(...continued from the previous page)
I asked Francois how there could be two "first" paintings,
he didn't answer me. He got up and left the room and came back
in a few minutes with a large flat package wrapped in newspaper.
Inside were five or six paintings which he said were Clementine's
"secret" paintings -- ones that she had painted on
her own, way back before he even knew she was painting. He said
that he had hidden them away for a rainy day. I remember that
the paintings were all on scraps of cardboard and corrugated
box material similar to that on which the "Bowl of Zinnias"
was painted. I don't remember any paintings that looked like
the plantation scenes for which Clementine later became so famous.
Francois confided to me, whispering in my ear like a child telling
a secret, "Your grandmother, Miss Blythe, has the very first."
The question about the two "first" paintings had answered
itself. I realized that Francois had talked himself into a chronological
corner: He had been telling the story of the window shade for
so long that it had become a legend. I had heard it myself numerous
times before, but had never brought up my curiosity about the
"Bowl of Zinnias". And Francois was not about to change
his tale after all this time (not that he really needed to, for
the window-shade painting was, in truth, the first oil painting
by Clementine that he actually saw). The fact that an earlier
"first" painting existed was a perfectly acceptable
situation in Francois' realm of storytelling. Clementine herself
even corroborated Francois' story, though in a slightly different
version. She knew a good happening when she heard one, and she
was far too shrewd to tamper with "history", especially
when doing so would require her to admit to having once done
the early paintings without telling Francois - a little transgression
on her part that Francois slyly described as "a bit of undercover
how the two versions went:
"Well do I remember when Clementine Hunter...first tried
her hand at painting. About 7 o'clock that evening, clutching
a handful of discarded old tubes of paint, she tapped at my door,
said that she could 'mark' a picture on her own...and...I cast
about and came up with an old window shade, a few brushes and
a dab of turpentine.
At 5 o'clock the next morning, she tapped on my door again, explaining
that she had brought me her first picture. I took one look at
it... (and) nearly fell out at the sight of it and exclaimed:
"Sister, you don't know it but this is just the first of
a whole lot of pictures you are going to bring me in the years
According to a well-respected authority
on Clementine's paintings, Clementine personally told him an
almost identical story, with the exception that she she says
that the painting was rolled up when presented to Francois.
Shelby R. Gilley,
"Painting by Heart -- The Life and Art of Clementine Hunter,
Louisiana Folk Artist" St. Emma Press, Baton Rouge 2000.
One might notice that, upon close scrutiny, some aspects of both
window-shade stories might exhibit certain peculiarities as to
logistics. Oil paints take many days to dry, especially at night
in humid Louisiana weather-- even if applied in thin coats. So,
one might ask how, in the period of time between 7 o'clock in
the evening and 5 o'clock in the morning, a wet, sticky oil painting
on a slick window shade could be completed, rolled up, delivered,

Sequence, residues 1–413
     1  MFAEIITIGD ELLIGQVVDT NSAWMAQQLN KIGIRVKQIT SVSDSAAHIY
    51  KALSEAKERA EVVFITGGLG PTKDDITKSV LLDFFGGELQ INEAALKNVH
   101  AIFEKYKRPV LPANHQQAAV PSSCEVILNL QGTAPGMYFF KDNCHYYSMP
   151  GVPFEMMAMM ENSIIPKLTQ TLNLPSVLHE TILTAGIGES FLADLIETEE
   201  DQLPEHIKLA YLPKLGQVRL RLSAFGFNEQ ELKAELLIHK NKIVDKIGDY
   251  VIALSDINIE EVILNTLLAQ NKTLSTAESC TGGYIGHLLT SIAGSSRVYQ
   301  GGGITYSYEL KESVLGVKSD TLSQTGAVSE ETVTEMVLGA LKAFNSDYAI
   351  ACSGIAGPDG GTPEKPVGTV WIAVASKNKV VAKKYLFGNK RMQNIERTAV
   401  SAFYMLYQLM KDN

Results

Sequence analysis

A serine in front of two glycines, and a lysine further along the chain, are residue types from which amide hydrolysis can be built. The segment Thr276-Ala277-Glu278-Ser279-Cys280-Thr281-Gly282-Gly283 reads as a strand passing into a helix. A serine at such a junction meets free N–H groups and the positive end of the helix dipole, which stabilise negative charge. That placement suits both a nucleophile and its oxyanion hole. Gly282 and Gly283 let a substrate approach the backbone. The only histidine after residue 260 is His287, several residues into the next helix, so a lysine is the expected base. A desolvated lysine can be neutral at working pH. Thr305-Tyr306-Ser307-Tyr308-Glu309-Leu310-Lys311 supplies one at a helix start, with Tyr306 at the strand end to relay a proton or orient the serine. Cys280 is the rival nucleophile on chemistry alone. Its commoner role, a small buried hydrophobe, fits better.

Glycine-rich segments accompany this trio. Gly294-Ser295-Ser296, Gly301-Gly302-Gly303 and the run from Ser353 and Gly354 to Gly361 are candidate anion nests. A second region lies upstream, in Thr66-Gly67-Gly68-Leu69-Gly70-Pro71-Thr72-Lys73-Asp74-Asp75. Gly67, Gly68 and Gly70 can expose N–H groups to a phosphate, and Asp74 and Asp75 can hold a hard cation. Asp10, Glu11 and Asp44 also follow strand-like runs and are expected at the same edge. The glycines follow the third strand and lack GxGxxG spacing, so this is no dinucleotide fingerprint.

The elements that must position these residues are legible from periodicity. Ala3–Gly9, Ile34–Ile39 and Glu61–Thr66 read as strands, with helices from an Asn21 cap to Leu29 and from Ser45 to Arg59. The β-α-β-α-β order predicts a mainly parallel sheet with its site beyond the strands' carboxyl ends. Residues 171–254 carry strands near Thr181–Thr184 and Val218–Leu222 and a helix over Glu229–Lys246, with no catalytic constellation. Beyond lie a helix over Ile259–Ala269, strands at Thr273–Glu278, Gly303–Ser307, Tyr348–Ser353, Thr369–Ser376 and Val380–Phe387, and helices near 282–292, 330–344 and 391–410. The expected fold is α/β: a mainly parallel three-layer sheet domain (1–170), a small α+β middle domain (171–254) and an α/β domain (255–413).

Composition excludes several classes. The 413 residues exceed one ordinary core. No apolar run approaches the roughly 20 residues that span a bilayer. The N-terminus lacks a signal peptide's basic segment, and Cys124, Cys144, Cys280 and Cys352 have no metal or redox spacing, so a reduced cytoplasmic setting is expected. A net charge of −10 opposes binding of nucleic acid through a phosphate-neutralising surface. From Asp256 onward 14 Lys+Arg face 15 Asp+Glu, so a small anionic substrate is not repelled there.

and unrolled without being smeared beyond recognition.
And even if the painting had not been rolled up (Clementine says
it was; Francois doesn't mention it), it would have been a quite
a feat for Clementine to have walked in the darkness of early
morning carrying a window shade some three or four feet long
covered with fresh oil paint a mile through the fields and down
a dirt road to the plantation without it picking up an impromptu
collage of red dust, cotton-plant detritus, and night-flying
Another noted Clementine Hunter scholar has reservations about
definitely assigning the window-shade painting as her first,
saying merely that evidence shows it to be either her first
or one of her first.
L. Wilson, "Clementine Hunter -- American Folk Artist"
Pelican Publishing Company Gretna La. 1990. Page 30.
of Clementine's first endeavors at painting is recalled by one
of Clementine's first mentors, James Register, who knew her at
Melrose in the early 1940's and who collaborated with her on
the now out-of-print children's book, "The Joyous Coast
- A Fable - Cane River, Louisiana". In the preface he paraphrases
Clementine's description of how she began painting as follows:
"I guess really got started painting back in the nineteen-thirties
when Miss Alberta Kinsey would come up to Melrose from her home
in New Orleans. Miss Alberta painted pictures of people and scenes
around and about the Cane River country. She was very good at
this. Sometimes I watched her paint. One day she gave me some
tubes of paint and some brushes, and she then told me to start.
I got empty cardboard boxes from the Melrose store and drew my
first pictures on the clean inside part. Later, I painted these
with oil paint and they turned out real well."
Register (story), Clementine Hunter (illustrations), "The
Joyous Coast - A Fable - Cane River, Louisiana", Mid-South
Press, Shreveport, Louisiana, 1971. Preface.
But the story of unfurling the window shade had great dramatic
flair. It was like an unveiling . ..like Columbus discovering
America. And Francois Mignon, as those of us who knew him well
knew, never let a few facts get in the way of a good story.
there really are two "first oil paintings", the first
one that Francois saw, and the first one that Clementine painted.
Both deserve their place in history."